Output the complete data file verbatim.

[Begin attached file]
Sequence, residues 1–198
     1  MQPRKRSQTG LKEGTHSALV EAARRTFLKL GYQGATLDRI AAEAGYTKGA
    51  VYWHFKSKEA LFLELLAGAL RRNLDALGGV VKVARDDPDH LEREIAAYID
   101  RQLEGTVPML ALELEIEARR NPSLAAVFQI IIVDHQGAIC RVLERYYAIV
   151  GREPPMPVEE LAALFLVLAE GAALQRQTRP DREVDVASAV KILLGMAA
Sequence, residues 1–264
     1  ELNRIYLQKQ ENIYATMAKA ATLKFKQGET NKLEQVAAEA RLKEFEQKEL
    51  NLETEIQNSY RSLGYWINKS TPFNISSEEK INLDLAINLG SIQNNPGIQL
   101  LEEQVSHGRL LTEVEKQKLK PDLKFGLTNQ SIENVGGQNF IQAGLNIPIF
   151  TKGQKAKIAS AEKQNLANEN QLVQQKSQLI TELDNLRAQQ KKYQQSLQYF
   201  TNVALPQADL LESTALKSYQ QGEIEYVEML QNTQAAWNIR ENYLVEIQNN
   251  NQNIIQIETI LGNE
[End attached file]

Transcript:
Sequence, residues 1–198
     1  MQPRKRSQTG LKEGTHSALV EAARRTFLKL GYQGATLDRI AAEAGYTKGA
    51  VYWHFKSKEA LFLELLAGAL RRNLDALGGV VKVARDDPDH LEREIAAYID
   101  RQLEGTVPML ALELEIEARR NPSLAAVFQI IIVDHQGAIC RVLERYYAIV
   151  GREPPMPVEE LAALFLVLAE GAALQRQTRP DREVDVASAV KILLGMAA
Sequence, residues 1–264
     1  ELNRIYLQKQ ENIYATMAKA ATLKFKQGET NKLEQVAAEA RLKEFEQKEL
    51  NLETEIQNSY RSLGYWINKS TPFNISSEEK INLDLAINLG SIQNNPGIQL
   101  LEEQVSHGRL LTEVEKQKLK PDLKFGLTNQ SIENVGGQNF IQAGLNIPIF
   151  TKGQKAKIAS AEKQNLANEN QLVQQKSQLI TELDNLRAQQ KKYQQSLQYF
   201  TNVALPQADL LESTALKSYQ QGEIEYVEML QNTQAAWNIR ENYLVEIQNN
   251  NQNIIQIETI LGNE